Drivers show no sign of slowing down during short winter break in the Porsche GT3 Cup Challenge Middle East

The fierce competition between leading drivers at the top of the standings of the Porsche GT3 Cup Challenge Middle East Season 9 is expected to increase further, despite having entered a short winter break.

After four pulsating races of the twelve-race season Britain’s Tom Oliphant (96 pts) has opened up a six-point gap over emerging Omani star Al Faisal Al Zubair (90 pts) in the overall standings, with Charlie Frijns lying third (72pts). The slender lead for Oliphant came courtesy of a historic victory in the landmark 100th race of the championship, held recently at the Dubai Autodrome.

Now drivers face a different challenge with a six-week break already underway at a pivotal time. The region’s first and only professional championship is set to return to action at the Dubai Autodrome on the 26th and 27th January 2018. For many who feature in the championship the annual break over new year poises an interesting dilemma and forces an important decision to be made. Keep racing or rest and recharge?

As manager and founder of the series, Walter Lechner (below) explained, deciding how to spend time now could play a part in determining the final outcome in the overall and category standings.

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Lechner said: “I imagine those with early momentum and holding onto strong positions in their categories will want to maintain their track time and focus. When confidence is high you want to keep it that way. Otherwise the break might offer too much time to think or could create doubt. Many of the drivers, such as Mohammed Al Saud and Wolfgang Triller, will look to overcome the gap by racing in the Dubai 24H race in mid-January. This makes sense as not only will it keep skills sharp but it adds to the driver’s experience around the Dubai Autodrome circuit, which is next on our race calendar.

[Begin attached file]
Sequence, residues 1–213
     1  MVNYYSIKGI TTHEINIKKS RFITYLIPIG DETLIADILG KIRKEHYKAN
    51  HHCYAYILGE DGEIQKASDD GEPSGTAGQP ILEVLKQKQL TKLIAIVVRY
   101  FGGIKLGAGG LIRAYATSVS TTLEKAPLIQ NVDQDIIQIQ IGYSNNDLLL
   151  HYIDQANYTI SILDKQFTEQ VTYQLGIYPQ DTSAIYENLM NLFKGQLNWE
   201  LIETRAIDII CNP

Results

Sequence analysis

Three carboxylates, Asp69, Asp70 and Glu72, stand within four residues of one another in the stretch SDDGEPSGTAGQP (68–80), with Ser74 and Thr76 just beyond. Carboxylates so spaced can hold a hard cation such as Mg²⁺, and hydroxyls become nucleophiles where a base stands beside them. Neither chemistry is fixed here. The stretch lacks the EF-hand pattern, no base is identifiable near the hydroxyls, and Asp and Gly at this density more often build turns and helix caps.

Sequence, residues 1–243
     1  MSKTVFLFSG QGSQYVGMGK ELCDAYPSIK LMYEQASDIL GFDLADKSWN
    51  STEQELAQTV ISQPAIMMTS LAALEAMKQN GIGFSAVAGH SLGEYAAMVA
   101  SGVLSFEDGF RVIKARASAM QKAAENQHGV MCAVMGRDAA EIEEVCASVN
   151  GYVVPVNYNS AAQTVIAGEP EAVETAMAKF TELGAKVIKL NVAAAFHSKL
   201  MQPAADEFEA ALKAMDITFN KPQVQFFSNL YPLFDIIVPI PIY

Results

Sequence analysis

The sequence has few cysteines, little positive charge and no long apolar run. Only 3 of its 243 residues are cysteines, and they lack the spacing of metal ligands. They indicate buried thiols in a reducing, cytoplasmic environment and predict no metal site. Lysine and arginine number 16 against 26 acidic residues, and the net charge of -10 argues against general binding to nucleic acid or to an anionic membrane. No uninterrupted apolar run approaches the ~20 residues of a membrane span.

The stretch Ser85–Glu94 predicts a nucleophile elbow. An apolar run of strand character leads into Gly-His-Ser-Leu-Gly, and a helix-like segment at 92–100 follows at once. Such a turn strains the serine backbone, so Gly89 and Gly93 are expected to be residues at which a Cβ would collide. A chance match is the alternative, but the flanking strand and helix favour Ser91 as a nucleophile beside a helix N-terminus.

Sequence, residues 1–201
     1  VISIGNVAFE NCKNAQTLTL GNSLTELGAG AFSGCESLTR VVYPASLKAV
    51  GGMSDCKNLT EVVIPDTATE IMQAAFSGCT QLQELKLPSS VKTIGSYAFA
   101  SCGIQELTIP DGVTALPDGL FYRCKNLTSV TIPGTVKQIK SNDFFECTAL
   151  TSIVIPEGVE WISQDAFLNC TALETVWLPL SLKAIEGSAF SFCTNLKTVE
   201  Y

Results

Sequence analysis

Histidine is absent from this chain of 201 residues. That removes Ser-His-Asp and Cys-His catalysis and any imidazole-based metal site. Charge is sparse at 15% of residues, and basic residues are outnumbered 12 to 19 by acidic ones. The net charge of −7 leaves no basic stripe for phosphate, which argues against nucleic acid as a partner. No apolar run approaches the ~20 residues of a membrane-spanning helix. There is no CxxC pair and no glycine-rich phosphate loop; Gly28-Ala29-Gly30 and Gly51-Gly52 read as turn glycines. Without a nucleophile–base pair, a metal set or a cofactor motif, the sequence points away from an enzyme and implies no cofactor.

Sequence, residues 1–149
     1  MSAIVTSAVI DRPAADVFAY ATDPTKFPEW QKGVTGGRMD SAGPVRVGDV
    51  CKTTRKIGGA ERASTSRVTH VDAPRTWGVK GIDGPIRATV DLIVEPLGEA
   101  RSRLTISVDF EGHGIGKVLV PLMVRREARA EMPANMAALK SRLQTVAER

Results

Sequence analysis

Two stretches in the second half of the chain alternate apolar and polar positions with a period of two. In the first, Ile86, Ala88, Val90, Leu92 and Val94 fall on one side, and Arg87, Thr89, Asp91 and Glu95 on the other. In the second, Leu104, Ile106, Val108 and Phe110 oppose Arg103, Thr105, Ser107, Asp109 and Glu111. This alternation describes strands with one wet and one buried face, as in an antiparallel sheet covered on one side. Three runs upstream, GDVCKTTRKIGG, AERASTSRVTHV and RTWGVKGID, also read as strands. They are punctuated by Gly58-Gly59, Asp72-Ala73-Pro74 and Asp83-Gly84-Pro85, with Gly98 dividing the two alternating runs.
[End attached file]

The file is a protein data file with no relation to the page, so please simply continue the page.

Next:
“I’d encourage everyone to do some form of racing but there is no right answer. Each racer needs to decide what works best for them personally. It’s now a very intense championship. Over nine seasons the level of competition has dramatically increased. Every session is on the limit, every point is hard earned.

“So far the top ten drivers represent eight different nations. That combined result of adding new international drivers from South Africa, Scotland and France, alongside the emergence of new regional stars making their debuts, means a higher standard of racing. So the break is well deserved for anyone hanging up their helmet for a few weeks.”

Outside of the top three positions it’s equally as fascinating further down the standings. Only nine points separate the top two positions in the silver category as Sweden’s Magnus Oehman (59 pts) and Christoffer Bergstroem (50 pts) battle for supremacy. Newcomer Saul Hack (45 pts) of South Africa is third and remains in hot pursuit. In the bronze category, an intriguing duel is underway, as two new drivers also competing for the GCC Rookie title go head to head. Oman’s Khalid Al Wahaibi (43 pts) has impressed to lead rival Ali Al Khalifa (33 pts) of Bahrain by ten points. Britain’s Mark Radcliffe (29 pts) currently holds onto third in the bronze category.

The Porsche GT3 Cup Challenge Middle East returns to Dubai on 26th – 27th January 2018, before visiting Abu Dhabi’s Yas Marina Circuit, 2nd – 3rd February 2018. The final two rounds will be held in Bahrain, with the series coming to a thrilling conclusion as an official support race for the 2018 Formula 1 Gulf Air Bahrain Grand Prix.